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Thursday, May 27

‘Three strikes’ legislation at odds with NZ’s commitment to human rights

The passing of the controversial “three strikes” bill yesterday is a serious blow to the fairness of New Zealand’s criminal justice system as it removes the ability of judges to tailor sentences to the particular circumstances of an offence, said Amnesty International today.

Amnesty International is concerned that provisions outlined in the Sentencing and Parole Reform Bill are a direct breach of both domestic and international human rights laws.
“We have witnessed the introduction of a series of reforms aimed at improving the efficiency, accountability and the quality of service provided by the justice sector – but these must not come at the cost of New Zealand’s obligation to upholding human rights,” says Patrick Holmes, Chief Executive Officer of Amnesty International Aotearoa NZ.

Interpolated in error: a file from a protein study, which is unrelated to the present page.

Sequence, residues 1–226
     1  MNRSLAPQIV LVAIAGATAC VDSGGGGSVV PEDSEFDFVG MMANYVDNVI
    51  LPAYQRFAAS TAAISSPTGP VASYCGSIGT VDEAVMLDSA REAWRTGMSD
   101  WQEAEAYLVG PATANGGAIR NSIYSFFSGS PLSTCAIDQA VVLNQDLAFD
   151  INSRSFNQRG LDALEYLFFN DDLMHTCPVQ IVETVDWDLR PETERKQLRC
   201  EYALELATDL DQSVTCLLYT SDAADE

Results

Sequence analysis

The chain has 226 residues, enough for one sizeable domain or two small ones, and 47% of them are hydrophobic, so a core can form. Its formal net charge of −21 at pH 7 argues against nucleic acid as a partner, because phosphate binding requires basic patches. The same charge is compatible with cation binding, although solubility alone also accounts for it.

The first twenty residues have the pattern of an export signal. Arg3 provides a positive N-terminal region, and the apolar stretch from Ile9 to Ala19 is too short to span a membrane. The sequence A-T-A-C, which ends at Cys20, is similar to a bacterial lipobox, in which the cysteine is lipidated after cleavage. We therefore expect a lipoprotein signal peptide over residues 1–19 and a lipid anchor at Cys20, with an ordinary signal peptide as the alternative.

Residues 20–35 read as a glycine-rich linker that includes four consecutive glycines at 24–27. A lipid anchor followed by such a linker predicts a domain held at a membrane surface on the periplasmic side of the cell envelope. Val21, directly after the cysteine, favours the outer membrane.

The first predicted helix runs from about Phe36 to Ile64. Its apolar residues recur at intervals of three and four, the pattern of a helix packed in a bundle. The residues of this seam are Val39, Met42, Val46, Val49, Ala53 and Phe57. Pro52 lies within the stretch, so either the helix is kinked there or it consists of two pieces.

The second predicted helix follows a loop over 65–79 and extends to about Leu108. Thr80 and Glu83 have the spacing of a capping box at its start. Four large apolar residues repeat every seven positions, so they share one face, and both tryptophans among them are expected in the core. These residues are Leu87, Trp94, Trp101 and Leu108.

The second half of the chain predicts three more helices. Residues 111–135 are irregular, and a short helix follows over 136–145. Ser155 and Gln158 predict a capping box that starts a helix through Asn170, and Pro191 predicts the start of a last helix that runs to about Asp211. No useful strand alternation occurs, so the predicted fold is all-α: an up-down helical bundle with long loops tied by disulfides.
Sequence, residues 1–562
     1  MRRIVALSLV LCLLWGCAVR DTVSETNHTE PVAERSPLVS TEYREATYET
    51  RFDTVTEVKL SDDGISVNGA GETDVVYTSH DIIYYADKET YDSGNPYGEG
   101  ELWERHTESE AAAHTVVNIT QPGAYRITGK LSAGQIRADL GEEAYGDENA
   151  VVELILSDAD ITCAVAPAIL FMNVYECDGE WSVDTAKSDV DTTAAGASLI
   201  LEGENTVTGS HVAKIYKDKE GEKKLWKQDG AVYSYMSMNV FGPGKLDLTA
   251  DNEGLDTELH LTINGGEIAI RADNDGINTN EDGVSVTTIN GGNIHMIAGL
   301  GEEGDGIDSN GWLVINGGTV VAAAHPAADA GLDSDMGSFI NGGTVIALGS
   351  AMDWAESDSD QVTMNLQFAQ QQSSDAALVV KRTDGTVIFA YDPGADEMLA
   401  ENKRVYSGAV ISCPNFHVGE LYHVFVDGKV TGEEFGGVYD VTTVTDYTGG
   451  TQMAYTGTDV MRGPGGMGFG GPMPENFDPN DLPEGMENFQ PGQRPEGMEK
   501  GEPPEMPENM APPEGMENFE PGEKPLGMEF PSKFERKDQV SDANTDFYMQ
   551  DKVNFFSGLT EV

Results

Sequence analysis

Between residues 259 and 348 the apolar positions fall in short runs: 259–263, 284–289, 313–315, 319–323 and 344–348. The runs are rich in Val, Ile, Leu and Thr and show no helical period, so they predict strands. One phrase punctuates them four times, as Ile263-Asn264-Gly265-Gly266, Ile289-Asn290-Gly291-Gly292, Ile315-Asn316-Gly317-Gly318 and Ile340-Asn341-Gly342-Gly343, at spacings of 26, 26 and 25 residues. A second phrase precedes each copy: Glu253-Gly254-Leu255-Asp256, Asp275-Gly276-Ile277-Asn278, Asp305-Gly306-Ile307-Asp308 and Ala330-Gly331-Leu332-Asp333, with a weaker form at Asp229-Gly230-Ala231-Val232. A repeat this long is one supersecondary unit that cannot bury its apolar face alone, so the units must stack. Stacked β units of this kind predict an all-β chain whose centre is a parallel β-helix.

In its submission on the bill, Amnesty International stressed that the provision to impose the maximum sentence without parole on an offender’s third offence may constitute a disproportionately severe form of punishment, placing New Zealand in contravention of its Bill of Rights Act.
This provision would also fail to comply with the international human rights law on which the Bill of Rights Act is based, the International Covenant on Civil and Political Rights - which states: “No one shall be subjected to cruel, inhuman or degrading punishment.”1
Under the new legislation, courts will lose the ability to tailor sentencing appropriate to the individual circumstances of offender and their crime.
“Taking power out of the hands of judges and putting it in those of the legislature undermines the ability of the justice system to fulfil its core mandate – to deliver justice even-handedly,” says Holmes.